Guest Story: Maintain a simple database with Power Query

Our guest today is Kolyu Minevski, Director, Financial Management and Reporting at Fadata Group. You can contact him here.

This article will demonstrate how Power Query can be used for maintaining a simple database/register. Traditionally Power Query is perceived as a tool for data extracting, cleaning and shaping for further analysis. In this case, its versatile capabilities are utilized in an unusual way to solve a common business.

The solution file of this article, Register attorney with PQ.xlsm, is available for DataChant subscribers in the Subscribers folder (subscribe here).

Business Case

A few months ago the legal department in the company I worked for asked me to help them optimize the process of monitoring a specific type of legal documents. These documents gave certain rights to respective employees and had different expiry dates.

After a short conversation with my colleagues I made some notes that shape the constraints of this task:

  •  A simple table that contains key information about the documents (employee name, department, date of issuing and expiring, etc.) is needed.
  • Users have very basic knowledge in Excel (and actually feel very uncomfortable in this environment) which meant that the solution should be simple, user-friendly and involving minimal manual work in Excel.
  • The client’s budget was limited. The solution should be the cheapest possible.
  • MS Access would not be an option – it requires additional costs for licenses and users don’t know how to work in it at all.
  • Users should be able to manually correct data in case of error.
  • Users prefer to fill data through a predefined form with drop-down lists where applicable.
  • It is important that each row in the table should have a unique ID number (simple count 1, 2, 3 … is fine).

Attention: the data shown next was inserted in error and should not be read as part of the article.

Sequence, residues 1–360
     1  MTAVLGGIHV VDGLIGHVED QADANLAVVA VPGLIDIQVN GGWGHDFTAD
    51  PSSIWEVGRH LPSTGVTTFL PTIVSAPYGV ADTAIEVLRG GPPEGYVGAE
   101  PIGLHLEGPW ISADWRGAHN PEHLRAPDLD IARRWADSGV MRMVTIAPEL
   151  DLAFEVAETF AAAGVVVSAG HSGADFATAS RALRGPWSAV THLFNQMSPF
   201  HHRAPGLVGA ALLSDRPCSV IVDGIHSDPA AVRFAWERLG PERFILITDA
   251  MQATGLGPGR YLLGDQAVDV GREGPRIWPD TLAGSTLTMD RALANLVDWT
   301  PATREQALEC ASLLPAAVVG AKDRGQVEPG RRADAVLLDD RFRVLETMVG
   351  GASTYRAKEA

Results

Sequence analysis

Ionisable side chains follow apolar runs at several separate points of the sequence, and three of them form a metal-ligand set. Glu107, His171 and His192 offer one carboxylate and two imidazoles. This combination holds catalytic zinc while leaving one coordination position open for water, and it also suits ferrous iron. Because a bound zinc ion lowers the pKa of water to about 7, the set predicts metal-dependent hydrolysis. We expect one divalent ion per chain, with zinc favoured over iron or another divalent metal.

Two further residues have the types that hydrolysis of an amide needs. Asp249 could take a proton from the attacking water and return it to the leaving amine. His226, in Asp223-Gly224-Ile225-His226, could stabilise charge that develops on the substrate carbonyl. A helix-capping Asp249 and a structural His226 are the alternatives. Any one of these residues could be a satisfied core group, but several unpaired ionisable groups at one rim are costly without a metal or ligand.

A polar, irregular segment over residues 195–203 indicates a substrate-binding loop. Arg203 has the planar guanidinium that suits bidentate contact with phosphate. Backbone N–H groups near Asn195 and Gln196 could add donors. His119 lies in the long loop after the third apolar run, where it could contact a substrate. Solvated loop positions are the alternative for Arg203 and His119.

This is the design of the table we agreed on:

And here is the desired outlook of the entry form:

Step 1: Create the entry form

Creating the entry form was fairly easy. As you see from the picture above only the Name is a free text field. For the rest, some kind of a validation rule has been applied using standard settings of the Data Validation tool in Excel.

I decided to use different colors for ‘Employee data’ and ‘Document data’. And to make it easier for the user I formatted cells to be filled with a 3D effect – a trick I learned here.

This is how it looks like:

Now we come to the tricky part of the solution:  When the entry form is filled – How can we add the data into a new row of the registry with a unique ID number?

Here is where Power Query comes into the picture.

Step 2: Create a query to add single row

We start by filling the form with some data. Then Select headers and data fields and go to Data -> Get & Transform -> From Table (Note: Excel 2016 has been used so there might be differences if your Excel version is different).

Here the table is imported in Power Query

Next steps are simple and straightforward:

  1. Remove blank rows using the filter pane.
  2. Transpose table so the information is in one row.
  3. Use first row as a header.
  4. Change type when necessary.
  5. Add an index column, i.e. unique ID number.
  6. Move the ID key to the beginning where it usually resides.

And here is our row is loaded in Excel:

So far so good, but there is an unexpected side effect:

Excel has added a header row to the input area thus spoiling our beautiful entry form. No worries, there is a very simple solution

Just click on the table and go to Table -> Design

Uncheck Header Row and Banded Rows and in Table Styles section use the plain style, i.e. the one that is in the most upper left corner.

Then select the cells where the Header row used to be and hit CTRL+minus sign.

Click OK and voila:

We only have to fill 2 cells with the yellow filling.

Step 3: Create Self-referencing Query to add a single row to the “database”

Now let’s return to the query we created. This query will rewrite the information each time we enter new data and hit Refresh. Of course, this is far from the desired solution. How can we overcome this?